Entity Framework Core 1.0 – Speed up the retrieval of large data sets with .AsNoTracking()

If you are experiencing performance issues with Entity Framework Core 1.0 when you try to include related objects in your LINQ and lambda expressions on record sets of just a few thousand records, (More about Lazy and Eager Loading here) then check out these examples on how to improve it. Of the many ways, the best way that I have found to negate those performance problems and to optimize your requests is by using .AsNoTracking()

What is AsNoTracking()
When you use .AsNoTracking() you are basically telling the context not to track the retrieved information. Sure, this turns off a useful EF feature, but in many cases (like building an api in my case) this feature is unneeded.

In summary, Tracking is turned on by default and is great if you want to retrieve and save objects all within the same context. But if this is not required, you should use AsNewTracking(). AsNoTracking() decouples the returned records from the context, making your queries much faster!


IList<Player> playerList = db.Player.AsNoTracking().ToList()

Example with Joins

IList<Player> playerList = (from p in db.Player
                        select p)
                        .Include(p => p.Team)
                        .ThenInclude(t => t.League)


It is also worth noting that there is another way to decouple your objects from EF.  This other way can be done by adding .AsEnumerable().  That would look like this:

var decoupledList = from x in TableA<strong>.AsEnumerable()</strong>

Using Different Frameworks in your ASP.Net Core 1.0 App

This was written for the RC1 version of ASP.Net Core, but the idea of using multiple frameworks is still a core concept of ASP.Net Core 1.0. 
Also, Microsoft has recently stated that project.json will go away around the time the new version of Visual Studio is released. The idea is that settings will move back to the .csproj file to enable better integration with MSBuild in that time frame.

ASP.NET Core 1.0 can run on top of both ASP.NET 4.x and ASP.NET Core 1.0 frameworks.

This is REALY cool.  It can also be very confusing. Why would you want to use both?  Currently the Core 1.0 is limited and there are tools that we just dont have available to us yet.  Also you may be porting over old code or referencing a old class library that depends on specific resources built around ASP.NET 4.x and you dont want to go through the hassle of upgrading and rewriting everything.  Check out your project.json file to configure these options.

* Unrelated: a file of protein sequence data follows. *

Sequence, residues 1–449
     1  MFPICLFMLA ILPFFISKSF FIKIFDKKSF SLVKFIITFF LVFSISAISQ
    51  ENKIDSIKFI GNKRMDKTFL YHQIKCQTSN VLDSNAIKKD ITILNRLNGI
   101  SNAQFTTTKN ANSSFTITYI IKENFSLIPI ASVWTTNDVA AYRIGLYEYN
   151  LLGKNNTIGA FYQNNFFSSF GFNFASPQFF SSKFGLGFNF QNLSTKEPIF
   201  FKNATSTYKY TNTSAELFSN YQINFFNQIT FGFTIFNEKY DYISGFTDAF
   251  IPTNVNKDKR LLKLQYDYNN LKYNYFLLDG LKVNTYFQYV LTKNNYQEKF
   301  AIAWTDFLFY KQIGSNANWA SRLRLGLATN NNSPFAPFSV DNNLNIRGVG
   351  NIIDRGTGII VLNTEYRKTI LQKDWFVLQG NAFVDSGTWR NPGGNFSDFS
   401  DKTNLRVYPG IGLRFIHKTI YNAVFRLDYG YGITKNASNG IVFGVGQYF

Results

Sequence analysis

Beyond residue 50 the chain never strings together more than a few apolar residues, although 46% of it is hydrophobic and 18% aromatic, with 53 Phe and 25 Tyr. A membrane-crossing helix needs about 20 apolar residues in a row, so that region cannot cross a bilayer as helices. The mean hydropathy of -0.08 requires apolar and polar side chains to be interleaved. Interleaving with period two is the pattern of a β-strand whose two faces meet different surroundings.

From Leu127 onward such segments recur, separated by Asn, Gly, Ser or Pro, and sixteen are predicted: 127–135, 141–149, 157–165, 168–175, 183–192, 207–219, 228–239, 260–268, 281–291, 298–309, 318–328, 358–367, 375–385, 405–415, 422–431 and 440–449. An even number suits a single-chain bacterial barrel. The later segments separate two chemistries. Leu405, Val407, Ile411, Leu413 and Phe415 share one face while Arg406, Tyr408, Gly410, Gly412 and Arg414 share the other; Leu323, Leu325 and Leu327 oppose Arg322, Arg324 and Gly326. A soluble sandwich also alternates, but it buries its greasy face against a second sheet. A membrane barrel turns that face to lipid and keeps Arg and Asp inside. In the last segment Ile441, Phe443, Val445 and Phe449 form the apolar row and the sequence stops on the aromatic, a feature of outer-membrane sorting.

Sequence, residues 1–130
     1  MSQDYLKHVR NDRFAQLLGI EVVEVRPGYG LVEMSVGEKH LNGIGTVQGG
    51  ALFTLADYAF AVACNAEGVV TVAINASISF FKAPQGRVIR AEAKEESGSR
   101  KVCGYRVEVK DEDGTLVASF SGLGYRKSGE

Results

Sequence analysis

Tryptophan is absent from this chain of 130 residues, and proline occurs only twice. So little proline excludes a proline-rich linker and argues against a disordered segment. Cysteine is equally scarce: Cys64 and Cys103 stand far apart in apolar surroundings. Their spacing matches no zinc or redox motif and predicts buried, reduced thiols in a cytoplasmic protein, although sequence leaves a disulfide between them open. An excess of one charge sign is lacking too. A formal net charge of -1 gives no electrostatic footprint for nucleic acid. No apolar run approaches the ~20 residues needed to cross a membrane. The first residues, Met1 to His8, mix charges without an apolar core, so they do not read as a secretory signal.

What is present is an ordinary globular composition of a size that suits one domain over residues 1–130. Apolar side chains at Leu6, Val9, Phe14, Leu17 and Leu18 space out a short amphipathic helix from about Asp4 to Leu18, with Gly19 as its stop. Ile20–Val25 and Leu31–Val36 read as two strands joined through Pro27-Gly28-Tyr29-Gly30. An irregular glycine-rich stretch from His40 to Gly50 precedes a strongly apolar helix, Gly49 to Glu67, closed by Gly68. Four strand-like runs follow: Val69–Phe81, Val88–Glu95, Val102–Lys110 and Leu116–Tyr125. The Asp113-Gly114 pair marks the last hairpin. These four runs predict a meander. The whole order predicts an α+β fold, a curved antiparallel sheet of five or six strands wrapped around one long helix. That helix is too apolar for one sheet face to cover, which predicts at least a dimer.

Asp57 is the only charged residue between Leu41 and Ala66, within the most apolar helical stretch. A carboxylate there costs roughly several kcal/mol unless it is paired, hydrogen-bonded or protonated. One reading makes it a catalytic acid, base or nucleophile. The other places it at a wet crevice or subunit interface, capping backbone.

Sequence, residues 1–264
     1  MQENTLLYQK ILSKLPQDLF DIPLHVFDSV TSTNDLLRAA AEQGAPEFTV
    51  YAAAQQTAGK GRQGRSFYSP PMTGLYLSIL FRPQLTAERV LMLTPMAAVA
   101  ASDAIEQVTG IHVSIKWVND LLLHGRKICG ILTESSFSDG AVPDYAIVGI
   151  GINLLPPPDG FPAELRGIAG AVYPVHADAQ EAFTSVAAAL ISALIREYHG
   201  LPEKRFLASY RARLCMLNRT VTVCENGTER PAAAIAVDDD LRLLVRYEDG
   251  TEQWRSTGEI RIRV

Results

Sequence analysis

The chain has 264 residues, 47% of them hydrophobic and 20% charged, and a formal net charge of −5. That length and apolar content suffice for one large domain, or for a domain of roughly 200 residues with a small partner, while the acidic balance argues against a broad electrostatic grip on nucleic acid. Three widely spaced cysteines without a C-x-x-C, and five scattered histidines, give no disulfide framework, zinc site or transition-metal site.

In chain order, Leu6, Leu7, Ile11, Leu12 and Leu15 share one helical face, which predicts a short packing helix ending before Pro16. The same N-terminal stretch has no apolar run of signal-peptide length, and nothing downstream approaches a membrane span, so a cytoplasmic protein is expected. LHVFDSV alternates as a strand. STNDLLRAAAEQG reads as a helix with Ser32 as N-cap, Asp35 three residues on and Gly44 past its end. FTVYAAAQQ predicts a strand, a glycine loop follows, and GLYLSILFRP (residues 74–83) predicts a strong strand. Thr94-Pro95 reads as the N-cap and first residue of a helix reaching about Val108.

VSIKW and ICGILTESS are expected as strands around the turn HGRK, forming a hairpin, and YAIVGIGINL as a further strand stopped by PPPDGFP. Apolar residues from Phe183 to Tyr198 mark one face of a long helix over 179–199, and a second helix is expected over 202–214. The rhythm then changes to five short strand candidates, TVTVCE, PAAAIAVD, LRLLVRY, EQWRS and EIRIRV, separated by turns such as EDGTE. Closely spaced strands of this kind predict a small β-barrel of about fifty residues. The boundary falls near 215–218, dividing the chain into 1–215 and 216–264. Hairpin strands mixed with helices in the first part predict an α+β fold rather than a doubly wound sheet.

what is project.json?

New to ASP.Net Core 1.0! The project.json file defines your package metadata, your project dependencies and which frameworks you want to build for.  (relatively similar to ASP.NET 4x’s package.config).  You can remove or add a dependency from this file. When you do, you’re solution will automatically be updated to reflect those changes. You can also set what frameworks you want to app to compile across here!

what is DNX (.Net Execution Enviroment)

The DNX is a runtime environment that has everything you need to create a .Net application.  Next time you create a new core 1.0 project, what your essentially creating is a DNX project, whether its a web app or api.  From the ASP.Net Docs…

The RC1 release of .NET Core and ASP.NET Core 1.0 introduced DNX tooling. The RC2 release of .NET Core and ASP.NET Core 1.0 moved from DNX to the .NET Core CLI.

The majority of this post was written using .Net Core RC1.  BIG changes were made between versions RC 1 and RC 2.  Those are documented here.  The details in the following example are obsolete but the idea of incorporating multiple frameworks still exists.

Here is how project.json would look in an app relying on multiple frameworks


So as you can see, this give you a lot of flexibility.

  • Targeting older frameworks like dnx451 will be great porting over existing code and ensuring compatibility with other existing code or class libraries you may have build in the past.
  • Targeting the new dotnet5 or net core frameworks will let you take advantage of the new Core CLR. Thus setting you up with many new features as well as the ability to develop and run your apps on Windows, Linux, and OS/X!

Good luck!

Entity Framework Core 1.0 -Lazy Loading and Eager Loading

EF Core 1.0 does not support automatic lazy loading and eager loading related objects in the same way that EF6 did. Lazy loading does make data access easier and it cuts the code you have to write to reach that data significantly,  so its good to see that it is still listed as a priority item here on EF’s  Roadmap.

Until then, the way to eager load related objects, is by the .Include() and .ThenInclude() methods.  Here are two examples.

var leagues = db.Leagues
            .Include(l => l.Teams)
            .ThenInclude(t => t.Players)
var leagues = from d in db.Leagues.Include(l => l.Teams) select d;

Kendo UI Grid and AngularJS

Lets walk through some ways to set up a basic Kendo UI Grid with AngularJS. For a run down of more advanced Kend UI Grid properties, check out this post.

Ive been using Kendo UI on one of my more recent ASP.NET with AngularJS projects and I have been very happy with it.  They offer a wide variety of customizable controls, styles, and support, but the Control that I found most useful in their toolbox, and the one that makes this product worth it for me, is the Kendo Grid control.